Safe sex is making use of the available precautions to avoid sexually transmitted infections like HIV, syphilis, gonorrhea, etc. To some people, safe sex means use of contraceptive methods to avoid pregnancy as well. Some of the safe sex practices like use of condoms can prevent STD infection as well as pregnancy. It is always advised to practice safe sex with a faithful partner to avoid sexually transmitted infections including HIV. The education about precautions for safe sex can prevent a lot of disasters like HIV/AIDS, syphilis, chlamydia, etc. Safe sex practices were actually promoted after the outbreak of HIV/AIDS epidemic during 1980. Although there are other causes of HIV transmission apart from sexual intercourse, safe sex practices were very effective in controlling the epidemic.
A number of government and non-government agencies run education campaigns to encourage safe sex and prevent HIV/AIDS. The World Health Organization has adopted a holistic approach and improved the standards of sex education; these sex education programs are now a part of school curriculum in many countries. One of the main aims of the sex education campaigns is promoting safe-sex practices. Additional precaution of safer sex is needed if one partner is HIV positive. Even in the case of both the partners being HIV positive, safe-sex practices can prevent other sexually transmitted infections. Safe-sex methods and practices prevent the transmission of HIV and other infections during sex—vaginal, anal, or oral sex. Many newly married couples who are not planning pregnancy and who need education about various methods of safe sex can be prescribed to use condoms, intrauterine contraceptive devices (IUD), etc.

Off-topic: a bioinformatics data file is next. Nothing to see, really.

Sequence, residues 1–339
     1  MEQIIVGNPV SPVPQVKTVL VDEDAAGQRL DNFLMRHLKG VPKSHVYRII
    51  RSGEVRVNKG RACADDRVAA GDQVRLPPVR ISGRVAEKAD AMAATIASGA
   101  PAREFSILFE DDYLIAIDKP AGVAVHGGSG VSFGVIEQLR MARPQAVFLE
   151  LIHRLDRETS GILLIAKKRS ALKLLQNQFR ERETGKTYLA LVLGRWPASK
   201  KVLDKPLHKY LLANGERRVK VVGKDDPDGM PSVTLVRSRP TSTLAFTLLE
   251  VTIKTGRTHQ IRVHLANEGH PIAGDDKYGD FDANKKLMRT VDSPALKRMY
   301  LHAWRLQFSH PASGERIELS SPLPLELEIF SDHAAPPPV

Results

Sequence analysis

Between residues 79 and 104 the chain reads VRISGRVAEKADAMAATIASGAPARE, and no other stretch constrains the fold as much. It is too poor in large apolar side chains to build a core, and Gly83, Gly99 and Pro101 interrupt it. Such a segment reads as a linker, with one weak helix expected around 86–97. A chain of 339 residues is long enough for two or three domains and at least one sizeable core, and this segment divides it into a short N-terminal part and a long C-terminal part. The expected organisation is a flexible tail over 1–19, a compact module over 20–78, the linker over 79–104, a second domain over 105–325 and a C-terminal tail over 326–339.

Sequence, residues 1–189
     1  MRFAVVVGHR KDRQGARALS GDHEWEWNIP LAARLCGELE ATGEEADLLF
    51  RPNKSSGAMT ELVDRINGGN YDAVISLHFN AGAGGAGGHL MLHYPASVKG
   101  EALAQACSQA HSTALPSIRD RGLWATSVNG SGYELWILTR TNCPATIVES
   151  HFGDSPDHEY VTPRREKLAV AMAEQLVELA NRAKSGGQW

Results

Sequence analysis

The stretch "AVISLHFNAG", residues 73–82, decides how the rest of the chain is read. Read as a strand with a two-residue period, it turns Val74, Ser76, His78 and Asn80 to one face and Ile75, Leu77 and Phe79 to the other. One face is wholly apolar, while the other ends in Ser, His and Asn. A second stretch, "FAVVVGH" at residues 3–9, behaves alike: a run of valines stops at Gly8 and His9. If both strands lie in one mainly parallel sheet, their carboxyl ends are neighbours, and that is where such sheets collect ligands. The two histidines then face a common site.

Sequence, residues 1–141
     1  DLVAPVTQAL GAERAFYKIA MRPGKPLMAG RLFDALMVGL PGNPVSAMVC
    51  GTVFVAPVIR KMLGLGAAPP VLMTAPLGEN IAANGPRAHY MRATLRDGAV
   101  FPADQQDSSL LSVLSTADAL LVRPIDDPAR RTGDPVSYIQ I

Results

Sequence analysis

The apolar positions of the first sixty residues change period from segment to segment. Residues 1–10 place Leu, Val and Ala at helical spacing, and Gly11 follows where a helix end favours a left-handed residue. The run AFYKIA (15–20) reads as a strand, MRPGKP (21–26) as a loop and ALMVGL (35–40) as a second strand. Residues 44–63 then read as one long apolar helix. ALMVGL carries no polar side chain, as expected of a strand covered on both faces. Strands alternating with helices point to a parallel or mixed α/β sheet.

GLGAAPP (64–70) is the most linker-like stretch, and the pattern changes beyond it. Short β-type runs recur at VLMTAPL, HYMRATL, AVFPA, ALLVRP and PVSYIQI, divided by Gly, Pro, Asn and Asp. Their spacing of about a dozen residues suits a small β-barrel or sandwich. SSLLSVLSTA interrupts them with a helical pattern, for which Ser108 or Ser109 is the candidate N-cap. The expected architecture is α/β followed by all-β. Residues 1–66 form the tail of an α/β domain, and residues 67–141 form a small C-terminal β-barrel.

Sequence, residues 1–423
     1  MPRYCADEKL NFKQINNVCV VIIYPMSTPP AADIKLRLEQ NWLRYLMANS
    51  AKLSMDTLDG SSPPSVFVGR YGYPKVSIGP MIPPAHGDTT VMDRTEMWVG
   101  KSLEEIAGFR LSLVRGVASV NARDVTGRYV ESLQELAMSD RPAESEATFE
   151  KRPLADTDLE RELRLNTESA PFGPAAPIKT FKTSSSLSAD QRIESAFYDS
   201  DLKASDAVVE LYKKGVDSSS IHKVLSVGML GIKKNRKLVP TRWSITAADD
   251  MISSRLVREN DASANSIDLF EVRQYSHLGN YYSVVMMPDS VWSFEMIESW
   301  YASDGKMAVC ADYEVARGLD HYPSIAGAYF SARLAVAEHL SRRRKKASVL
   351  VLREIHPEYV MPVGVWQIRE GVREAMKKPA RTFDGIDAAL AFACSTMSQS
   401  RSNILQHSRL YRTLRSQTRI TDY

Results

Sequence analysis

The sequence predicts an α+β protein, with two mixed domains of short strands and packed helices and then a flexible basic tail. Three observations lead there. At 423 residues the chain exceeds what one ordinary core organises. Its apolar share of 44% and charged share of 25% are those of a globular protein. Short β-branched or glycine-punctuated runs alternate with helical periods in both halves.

Condoms are very useful in preventing pregnancy as well as sexually transmitted infections; condoms are commonly used for avoiding pregnancy. Condoms are made of latex that prevents any fluid leakage, thus ensuring safer sex. Both male and female condoms are available to prevent infections and pregnancy. On making use of condoms, some males need education that condoms should be changed every time they engage in sexual activity, and some females that they should apply only water-based jelly if necessary. For the people who are allergic to latex condoms and wish to prevent HIV, condoms with polyurethane material are recommended.
Some studies have found condoms as not being 100 percent safe against infections and pregnancy, as inferior quality condoms tend to tear. Therefore, people now use the term safer sex rather than safe sex, because it is not fully safe.
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